The hunt for genetic influences on alcoholism derives largely from the work of Dr. Donald W. Goodwin, chair of the Department of Psychiatry at the University of Kansas Medical Center. Starting in the early 1970s, Dr. Goodwin and co-workers, using computer technology and a detailed database of Scandinavian health records, scrutinized the results of 5,000 adoption cases in Copenhagen. The results of the initial study stunned alcoholism experts around the world. The sons of alcoholics were more likely to become alcoholics themselves, as many had expected. But the relationship held true even when the children of alcoholics were separated from their natural parents shortly after birth, and subsequently raised by foster parents.
In Phase 2 of the Danish studies, Goodwin selected only alcoholic families in which one son had been raised by his biological parents, while the other son had been adopted away early in life. Raised in separate environments, twins of this sort are highly prized for genetic research. Goodwin compared the sons who had been raised by their alcoholic birth parents to their adopted-away brothers. It didn’t seem to make any difference: Rates of alcoholism were roughly the same. Environmental factors alone did not seem to account for it.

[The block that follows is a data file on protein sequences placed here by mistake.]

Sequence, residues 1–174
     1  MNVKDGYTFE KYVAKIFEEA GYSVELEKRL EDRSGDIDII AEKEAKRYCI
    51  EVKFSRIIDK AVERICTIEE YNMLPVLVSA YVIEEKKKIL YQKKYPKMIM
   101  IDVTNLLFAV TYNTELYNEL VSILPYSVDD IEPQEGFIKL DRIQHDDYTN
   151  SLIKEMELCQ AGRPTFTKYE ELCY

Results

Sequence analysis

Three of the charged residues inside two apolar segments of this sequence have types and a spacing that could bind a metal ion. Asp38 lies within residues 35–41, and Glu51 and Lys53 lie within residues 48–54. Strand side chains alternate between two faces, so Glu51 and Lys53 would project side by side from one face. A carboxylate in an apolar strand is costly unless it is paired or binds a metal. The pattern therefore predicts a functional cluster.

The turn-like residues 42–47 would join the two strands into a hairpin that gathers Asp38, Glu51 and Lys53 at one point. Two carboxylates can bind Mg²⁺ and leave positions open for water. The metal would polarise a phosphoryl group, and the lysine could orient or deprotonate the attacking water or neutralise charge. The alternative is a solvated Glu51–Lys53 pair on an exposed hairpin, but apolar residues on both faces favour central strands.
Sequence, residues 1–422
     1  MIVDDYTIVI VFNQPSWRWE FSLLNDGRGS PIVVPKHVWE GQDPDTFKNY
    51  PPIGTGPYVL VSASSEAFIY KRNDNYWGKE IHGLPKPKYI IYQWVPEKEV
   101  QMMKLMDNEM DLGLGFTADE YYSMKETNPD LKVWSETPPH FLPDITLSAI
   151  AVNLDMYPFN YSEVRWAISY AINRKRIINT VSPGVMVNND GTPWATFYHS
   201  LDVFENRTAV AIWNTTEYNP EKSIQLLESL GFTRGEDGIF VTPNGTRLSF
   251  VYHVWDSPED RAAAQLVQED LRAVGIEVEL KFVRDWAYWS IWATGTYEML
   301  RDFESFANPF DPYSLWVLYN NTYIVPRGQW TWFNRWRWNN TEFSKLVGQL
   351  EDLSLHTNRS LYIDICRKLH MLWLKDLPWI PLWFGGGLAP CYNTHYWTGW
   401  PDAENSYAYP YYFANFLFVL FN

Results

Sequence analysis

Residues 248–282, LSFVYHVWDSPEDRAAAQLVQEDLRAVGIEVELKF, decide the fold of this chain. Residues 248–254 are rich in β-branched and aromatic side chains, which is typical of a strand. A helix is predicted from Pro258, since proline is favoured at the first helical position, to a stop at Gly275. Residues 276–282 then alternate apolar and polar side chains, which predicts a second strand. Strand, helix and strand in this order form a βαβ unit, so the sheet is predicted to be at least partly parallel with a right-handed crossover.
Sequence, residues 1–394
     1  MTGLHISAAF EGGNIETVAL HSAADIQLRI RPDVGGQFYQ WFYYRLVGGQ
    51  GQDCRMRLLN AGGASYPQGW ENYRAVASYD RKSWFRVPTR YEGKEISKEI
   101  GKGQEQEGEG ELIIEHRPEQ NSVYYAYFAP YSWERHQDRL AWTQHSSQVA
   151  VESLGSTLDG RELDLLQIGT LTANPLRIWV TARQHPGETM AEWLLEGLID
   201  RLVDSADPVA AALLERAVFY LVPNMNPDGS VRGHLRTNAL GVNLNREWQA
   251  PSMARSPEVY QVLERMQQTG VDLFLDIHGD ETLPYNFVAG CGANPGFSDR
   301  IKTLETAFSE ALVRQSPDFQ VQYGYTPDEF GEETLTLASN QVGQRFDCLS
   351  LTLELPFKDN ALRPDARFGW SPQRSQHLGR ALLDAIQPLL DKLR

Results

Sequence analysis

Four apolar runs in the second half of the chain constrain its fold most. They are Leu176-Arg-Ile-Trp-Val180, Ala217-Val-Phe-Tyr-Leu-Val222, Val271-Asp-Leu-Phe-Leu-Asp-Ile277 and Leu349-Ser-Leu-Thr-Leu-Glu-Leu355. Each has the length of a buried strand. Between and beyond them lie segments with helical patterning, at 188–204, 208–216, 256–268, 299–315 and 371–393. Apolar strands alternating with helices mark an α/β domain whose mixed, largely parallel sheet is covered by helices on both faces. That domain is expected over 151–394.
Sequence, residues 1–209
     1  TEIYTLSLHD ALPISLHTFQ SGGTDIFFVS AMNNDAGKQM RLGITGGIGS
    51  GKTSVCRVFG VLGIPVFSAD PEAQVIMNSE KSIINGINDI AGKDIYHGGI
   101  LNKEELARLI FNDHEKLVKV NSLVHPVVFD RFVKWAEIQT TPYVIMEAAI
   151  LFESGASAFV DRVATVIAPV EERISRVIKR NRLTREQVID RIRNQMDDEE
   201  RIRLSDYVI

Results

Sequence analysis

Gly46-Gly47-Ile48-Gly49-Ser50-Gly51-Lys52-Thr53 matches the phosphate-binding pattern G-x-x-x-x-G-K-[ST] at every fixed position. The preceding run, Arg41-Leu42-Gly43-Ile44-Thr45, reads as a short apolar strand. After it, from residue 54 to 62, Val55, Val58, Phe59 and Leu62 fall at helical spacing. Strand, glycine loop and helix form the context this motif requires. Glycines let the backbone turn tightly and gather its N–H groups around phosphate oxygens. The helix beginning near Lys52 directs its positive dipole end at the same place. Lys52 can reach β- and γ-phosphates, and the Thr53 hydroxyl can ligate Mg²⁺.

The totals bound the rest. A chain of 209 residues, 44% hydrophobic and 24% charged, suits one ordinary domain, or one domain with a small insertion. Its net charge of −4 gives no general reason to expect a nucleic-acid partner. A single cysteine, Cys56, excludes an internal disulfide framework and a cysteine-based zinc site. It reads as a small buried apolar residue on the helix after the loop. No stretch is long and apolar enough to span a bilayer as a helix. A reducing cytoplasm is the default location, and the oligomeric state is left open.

“By their late twenties or earlier,” Goodwin wrote, “the offspring of alcoholics had nearly twice the number of alcohol problems and four times the rate of alcoholism as the children whose parents had no record of hospitalization for alcoholism.” It did not look like family environment was the primary determinant.
Perhaps some of the children simply ended up with less effective foster parents, detractors pointed out. Alternatively, some unknown trauma might have been inflicted in the womb. Maybe the pregnant mother drank. Environmental factors can never be ruled out. Nonetheless, the basic implications of Goodwin’s work could not be shaken off. The Danish adoption studies were the first major scientific papers to establish a firm link between heredity and alcoholism.
Beginning in the 1980s, Dr. C. Robert Cloninger, professor of psychiatry and genetics at Washington University in St. Louis, and Michael Bohman, a Swedish pediatrician, began a broader series of adoption studies. The Stockholm Adoption Study scrutinized the records of more than 3,000 adopted individuals, and confirmed the Danish studies: The children of alcoholics, when compared with the children of non-alcoholic parents, were far more likely to become alcoholics themselves—even if they were adopted away.
Moreover, “Alcohol abuse in the adoptive parents was not associated with an increased risk of abuse in the children they reared,” Cloninger later reported in the journal Science, “so there was no evidence that alcoholism is familial because children imitate their [non-biological] parents.”